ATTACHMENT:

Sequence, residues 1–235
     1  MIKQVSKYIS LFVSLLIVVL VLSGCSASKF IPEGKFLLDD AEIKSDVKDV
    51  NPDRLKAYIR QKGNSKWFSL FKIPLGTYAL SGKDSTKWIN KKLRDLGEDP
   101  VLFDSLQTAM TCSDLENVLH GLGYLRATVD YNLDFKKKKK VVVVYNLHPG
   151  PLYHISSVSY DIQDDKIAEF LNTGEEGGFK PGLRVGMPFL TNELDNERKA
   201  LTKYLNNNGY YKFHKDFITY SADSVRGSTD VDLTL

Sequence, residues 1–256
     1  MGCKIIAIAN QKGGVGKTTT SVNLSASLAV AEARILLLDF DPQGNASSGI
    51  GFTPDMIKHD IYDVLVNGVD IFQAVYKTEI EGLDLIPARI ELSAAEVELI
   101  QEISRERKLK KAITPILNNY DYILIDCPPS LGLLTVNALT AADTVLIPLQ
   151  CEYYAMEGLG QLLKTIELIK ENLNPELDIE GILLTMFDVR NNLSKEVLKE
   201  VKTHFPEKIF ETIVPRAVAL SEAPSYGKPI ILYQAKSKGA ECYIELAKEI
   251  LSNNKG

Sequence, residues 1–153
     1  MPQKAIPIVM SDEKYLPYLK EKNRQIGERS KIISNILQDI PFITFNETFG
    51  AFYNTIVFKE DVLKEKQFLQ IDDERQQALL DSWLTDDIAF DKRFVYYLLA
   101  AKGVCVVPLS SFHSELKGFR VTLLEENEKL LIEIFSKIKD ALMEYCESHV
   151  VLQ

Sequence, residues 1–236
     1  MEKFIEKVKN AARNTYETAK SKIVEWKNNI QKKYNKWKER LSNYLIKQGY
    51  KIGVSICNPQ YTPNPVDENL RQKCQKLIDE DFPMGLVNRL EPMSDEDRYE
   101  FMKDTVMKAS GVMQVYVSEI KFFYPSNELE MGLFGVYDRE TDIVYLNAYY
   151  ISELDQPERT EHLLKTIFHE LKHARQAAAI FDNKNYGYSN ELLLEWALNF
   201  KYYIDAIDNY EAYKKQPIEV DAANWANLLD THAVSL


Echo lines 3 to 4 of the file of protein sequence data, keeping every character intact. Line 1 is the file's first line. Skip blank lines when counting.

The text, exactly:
    51  NPDRLKAYIR QKGNSKWFSL FKIPLGTYAL SGKDSTKWIN KKLRDLGEDP
   101  VLFDSLQTAM TCSDLENVLH GLGYLRATVD YNLDFKKKKK VVVVYNLHPG